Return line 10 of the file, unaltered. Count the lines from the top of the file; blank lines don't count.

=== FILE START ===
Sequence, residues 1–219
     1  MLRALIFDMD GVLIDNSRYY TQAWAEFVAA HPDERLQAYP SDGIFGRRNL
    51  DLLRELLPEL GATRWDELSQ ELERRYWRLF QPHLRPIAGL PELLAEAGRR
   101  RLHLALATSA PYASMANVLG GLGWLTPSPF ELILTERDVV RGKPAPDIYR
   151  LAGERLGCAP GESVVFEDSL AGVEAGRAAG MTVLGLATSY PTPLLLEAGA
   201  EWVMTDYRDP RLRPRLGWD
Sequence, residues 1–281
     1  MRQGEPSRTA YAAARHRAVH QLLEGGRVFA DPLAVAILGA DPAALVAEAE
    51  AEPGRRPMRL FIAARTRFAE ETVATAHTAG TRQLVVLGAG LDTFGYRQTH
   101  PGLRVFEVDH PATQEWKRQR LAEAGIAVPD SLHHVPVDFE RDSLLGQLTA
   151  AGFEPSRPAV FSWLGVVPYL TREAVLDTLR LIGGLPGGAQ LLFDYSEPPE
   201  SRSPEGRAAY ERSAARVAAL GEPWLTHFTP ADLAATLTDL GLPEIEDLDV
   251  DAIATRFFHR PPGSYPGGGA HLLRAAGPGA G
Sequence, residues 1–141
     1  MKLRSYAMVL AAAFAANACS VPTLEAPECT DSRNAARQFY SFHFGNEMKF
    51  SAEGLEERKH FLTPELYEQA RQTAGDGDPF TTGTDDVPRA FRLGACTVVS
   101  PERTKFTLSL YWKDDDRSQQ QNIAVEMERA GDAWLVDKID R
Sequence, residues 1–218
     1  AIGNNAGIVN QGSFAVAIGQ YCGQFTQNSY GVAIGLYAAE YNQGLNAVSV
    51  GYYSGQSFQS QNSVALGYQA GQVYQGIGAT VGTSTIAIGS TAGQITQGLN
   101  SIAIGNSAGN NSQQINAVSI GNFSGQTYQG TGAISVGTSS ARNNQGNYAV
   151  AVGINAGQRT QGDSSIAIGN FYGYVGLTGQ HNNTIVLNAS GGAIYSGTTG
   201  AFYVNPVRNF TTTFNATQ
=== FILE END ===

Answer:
   101  PGLRVFEVDH PATQEWKRQR LAEAGIAVPD SLHHVPVDFE RDSLLGQLTA